Stretch Your Chest With This Seriously Underrated Piece of Equipment
Try these three chest stretches to undo a day of hunching over your laptop and to strengthen your pecs.
Resistance bands are a seriously underrated piece of equipment: They’re affordable, weigh next to nothing and are easy to tote around. Plus, you can use them on virtually every part of your body, so these stretchy bands are a must-have for any home gym, especially if you’re working with a tiny space.
Resistance bands are also great for proprioception, or our body’s awareness of where we are in space, says Toronto-based physiotherapist Surabhi Veitch. “If someone is really struggling to connect with their core or feel their butt during a workout, we can use resistance bands to promote the feeling of that muscle being used so that the person can start connecting with that area of the body.”
Like with dumbbells and other weights, integrating resistance bands into your exercise routine can lend more, well, resistance to your strength training, tearing your muscles more and making them stronger. When you do strength exercises, you’re creating microtears in your muscles. When this happens, your body sends more blood and nutrients to the area and this helps repair and strengthen your muscles. However, because resistance bands maintain constant tension on your muscles as you move through an exercise, they actually create more muscle growth. Basically, dumbbells and free weights generate resistance with gravity, so they’re most effective when you do downward motions (think bicep curls). Meanwhile, resistance bands rely on their own elasticity to create resistance, so they’re effective on multiple planes of movement.
A common place to use your resistance bands is in training your chest muscles (a.k.a. your pectoral muscles or pecs). Your pecs help with any pressing movements, like pushing open doors or pushing yourself up off the floor. Plus, your chest muscles stabilize your shoulders and shoulder blades, which protects you against injuries and aids in maintaining a healthy posture. When your pecs are healthy and strong, it helps you stay upright and not hunch forward.
“Typically, if you’re working on the chest, you want to focus on pushing,” says Ivana Sy, a registered kinesiologist. A chest press is one of the simplest chest strengthening workouts you can do with a band. In this case, all you need is a chair (or something to tie your band to) and your trusty band. Another pec workout to try with a resistance band is a pec fly . On top of being a great chest strengthening move, pec flies open up your chest muscles, which can help reduce back pain and increase range of motion. To strengthen your shoulders along with your pecs, Veitch suggests a move called Free the Bird.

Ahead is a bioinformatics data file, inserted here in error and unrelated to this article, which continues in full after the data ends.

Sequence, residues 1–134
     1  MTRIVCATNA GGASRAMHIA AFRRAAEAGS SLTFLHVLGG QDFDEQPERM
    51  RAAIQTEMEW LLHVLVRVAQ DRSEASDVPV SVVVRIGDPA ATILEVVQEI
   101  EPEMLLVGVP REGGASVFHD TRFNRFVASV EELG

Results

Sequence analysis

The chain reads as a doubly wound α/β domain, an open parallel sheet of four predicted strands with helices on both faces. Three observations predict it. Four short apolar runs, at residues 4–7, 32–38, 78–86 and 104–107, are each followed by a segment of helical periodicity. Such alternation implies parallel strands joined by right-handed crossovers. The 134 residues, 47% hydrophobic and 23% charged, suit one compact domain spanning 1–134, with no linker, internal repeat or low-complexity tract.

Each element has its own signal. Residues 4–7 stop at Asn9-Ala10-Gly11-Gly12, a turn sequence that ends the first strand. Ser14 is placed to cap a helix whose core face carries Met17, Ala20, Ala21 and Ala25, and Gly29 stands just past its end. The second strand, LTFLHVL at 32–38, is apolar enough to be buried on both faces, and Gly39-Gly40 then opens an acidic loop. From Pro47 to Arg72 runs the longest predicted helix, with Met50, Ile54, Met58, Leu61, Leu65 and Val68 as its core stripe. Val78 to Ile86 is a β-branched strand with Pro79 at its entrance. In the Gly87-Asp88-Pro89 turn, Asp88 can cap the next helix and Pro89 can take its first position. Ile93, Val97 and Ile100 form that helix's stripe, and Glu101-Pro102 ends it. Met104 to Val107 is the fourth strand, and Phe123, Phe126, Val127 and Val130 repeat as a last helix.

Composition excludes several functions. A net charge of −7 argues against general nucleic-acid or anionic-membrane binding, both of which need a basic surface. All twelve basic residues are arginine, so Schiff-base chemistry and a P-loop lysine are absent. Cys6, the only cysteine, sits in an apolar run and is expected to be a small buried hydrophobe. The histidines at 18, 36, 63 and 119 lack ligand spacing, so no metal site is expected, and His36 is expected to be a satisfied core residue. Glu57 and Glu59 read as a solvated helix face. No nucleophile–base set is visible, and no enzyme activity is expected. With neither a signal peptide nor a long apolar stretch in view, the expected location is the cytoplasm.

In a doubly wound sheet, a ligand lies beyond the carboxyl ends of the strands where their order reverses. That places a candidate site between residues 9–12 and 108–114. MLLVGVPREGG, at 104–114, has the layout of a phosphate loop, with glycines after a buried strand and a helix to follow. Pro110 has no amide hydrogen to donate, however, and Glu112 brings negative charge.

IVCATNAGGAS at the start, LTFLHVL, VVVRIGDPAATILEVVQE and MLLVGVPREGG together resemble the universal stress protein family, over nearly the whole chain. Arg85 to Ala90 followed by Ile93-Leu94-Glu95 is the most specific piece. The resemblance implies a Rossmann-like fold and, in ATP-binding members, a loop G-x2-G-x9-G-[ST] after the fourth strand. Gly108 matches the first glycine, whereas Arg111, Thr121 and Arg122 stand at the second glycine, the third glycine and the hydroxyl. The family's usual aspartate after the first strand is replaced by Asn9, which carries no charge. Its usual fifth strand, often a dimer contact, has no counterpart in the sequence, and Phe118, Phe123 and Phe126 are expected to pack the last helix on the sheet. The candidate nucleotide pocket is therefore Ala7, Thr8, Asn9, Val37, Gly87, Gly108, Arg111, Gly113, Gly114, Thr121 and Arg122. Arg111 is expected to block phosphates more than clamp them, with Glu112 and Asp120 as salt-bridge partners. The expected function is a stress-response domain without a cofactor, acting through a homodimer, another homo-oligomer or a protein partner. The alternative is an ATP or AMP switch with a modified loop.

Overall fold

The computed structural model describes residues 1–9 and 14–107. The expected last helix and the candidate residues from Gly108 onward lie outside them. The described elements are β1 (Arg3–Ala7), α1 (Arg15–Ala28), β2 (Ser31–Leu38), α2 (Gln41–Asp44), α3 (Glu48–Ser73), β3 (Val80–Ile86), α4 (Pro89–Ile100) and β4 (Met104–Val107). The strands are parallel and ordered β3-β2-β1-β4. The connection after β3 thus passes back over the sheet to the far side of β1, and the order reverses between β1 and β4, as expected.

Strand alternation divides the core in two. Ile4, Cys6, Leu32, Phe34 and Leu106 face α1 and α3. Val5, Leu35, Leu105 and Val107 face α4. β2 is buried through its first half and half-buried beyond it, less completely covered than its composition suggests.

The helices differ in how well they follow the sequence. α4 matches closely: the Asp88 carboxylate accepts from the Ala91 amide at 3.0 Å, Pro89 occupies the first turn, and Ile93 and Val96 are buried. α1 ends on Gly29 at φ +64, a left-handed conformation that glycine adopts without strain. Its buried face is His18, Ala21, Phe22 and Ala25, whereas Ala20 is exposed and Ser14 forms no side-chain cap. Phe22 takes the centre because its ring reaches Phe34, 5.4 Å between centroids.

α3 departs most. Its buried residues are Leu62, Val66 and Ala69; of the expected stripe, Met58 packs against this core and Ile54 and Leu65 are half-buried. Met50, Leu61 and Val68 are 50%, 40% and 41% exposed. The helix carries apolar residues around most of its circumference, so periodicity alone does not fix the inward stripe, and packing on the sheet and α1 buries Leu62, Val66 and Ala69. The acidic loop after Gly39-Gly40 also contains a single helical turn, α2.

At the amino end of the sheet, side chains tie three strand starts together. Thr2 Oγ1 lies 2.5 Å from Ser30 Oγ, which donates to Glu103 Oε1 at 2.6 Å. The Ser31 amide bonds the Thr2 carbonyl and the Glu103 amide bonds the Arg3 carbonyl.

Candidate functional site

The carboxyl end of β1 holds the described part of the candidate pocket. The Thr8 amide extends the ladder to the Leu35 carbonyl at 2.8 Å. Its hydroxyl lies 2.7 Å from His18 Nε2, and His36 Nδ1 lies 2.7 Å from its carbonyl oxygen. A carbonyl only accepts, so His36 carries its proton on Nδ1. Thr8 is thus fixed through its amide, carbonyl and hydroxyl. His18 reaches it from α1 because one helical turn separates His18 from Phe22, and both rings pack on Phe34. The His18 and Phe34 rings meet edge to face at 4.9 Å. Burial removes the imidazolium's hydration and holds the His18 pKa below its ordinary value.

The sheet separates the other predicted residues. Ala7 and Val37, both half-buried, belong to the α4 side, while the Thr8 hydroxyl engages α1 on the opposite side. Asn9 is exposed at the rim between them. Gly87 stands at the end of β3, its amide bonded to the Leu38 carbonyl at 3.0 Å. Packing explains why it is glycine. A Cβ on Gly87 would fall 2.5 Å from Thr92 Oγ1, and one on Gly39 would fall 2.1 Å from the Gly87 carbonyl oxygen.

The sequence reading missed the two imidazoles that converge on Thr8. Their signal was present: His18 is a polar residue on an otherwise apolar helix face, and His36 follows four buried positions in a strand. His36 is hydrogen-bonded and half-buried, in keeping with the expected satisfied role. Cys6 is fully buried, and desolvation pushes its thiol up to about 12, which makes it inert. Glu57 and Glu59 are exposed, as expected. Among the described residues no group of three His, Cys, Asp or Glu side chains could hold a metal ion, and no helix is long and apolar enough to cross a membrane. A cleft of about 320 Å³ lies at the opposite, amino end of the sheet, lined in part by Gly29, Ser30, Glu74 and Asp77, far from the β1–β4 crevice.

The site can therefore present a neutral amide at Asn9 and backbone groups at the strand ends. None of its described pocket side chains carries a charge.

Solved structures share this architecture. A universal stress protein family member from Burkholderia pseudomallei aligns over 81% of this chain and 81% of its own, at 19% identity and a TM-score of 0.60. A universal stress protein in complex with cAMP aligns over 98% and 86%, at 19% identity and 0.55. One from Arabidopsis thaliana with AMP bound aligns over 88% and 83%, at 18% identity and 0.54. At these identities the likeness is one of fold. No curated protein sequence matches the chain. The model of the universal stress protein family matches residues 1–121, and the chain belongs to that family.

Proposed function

These exercises are beginner-friendly, you can use any resistance band to do them. If you want to level up, Sy recommends just using a “heavier” band, meaning a band that provides more resistance. It’s the equivalent of picking up a heavier dumbbell.
But user beware: There are some things to watch out for when working with resistance bands. First, if you have a latex allergy, opt for ones made from rubber or cloth. Veitch also recommends wearing something that covers your arms when using resistance bands, which will protect your arm hair from being tugged on by the band, especially if your band isn’t covered with fabric. To that end, tie your hair back so it doesn’t get in the way or stuck to the band, which can really hurt. If you have grip issues or a hand injury, opt for a band with handles, says Veitch. And if you have higher blood pressure, Veitch suggests working out one side at a time: “That can prevent a big increase in blood pressure during exercise.” Finally, bands can snap while you’re using them, so be mindful of overstretching to avoid a painful elastic band slap, especially with pets or kids nearby. While it should burn a little when you work them, improving your chest strength should never feel painful.
Try these chest stretches
Image: Meaghan Way
Start seated in a sturdy chair with your resistance band looped around the chair’s back. Grab both sides of your band with your hands and, starting with your arms bent and hands at shoulder height, slowly push forward by straightening your arms. Imagine you’re pushing open a really heavy door. Slowly return your arms to the starting position and repeat.
Image: Meaghan Way
Holding the band in front of you, with your hands facing each other and arms straight, slowly pull your hands apart. Try to get your arms in a “T” position. Once you’ve gone as far as you comfortably can, slowly return to the starting position and repeat.
Image: Meaghan Way
Free the Bird
Start by stepping on one end of your band with one foot to anchor it to the floor. Then, grab the other side of the band with your opposite hand (e.g. if you’re stepping on it with your right foot, use your left hand). Starting about waist-high, slowly raise your hand up and out diagonally, as if releasing a bird into the sky.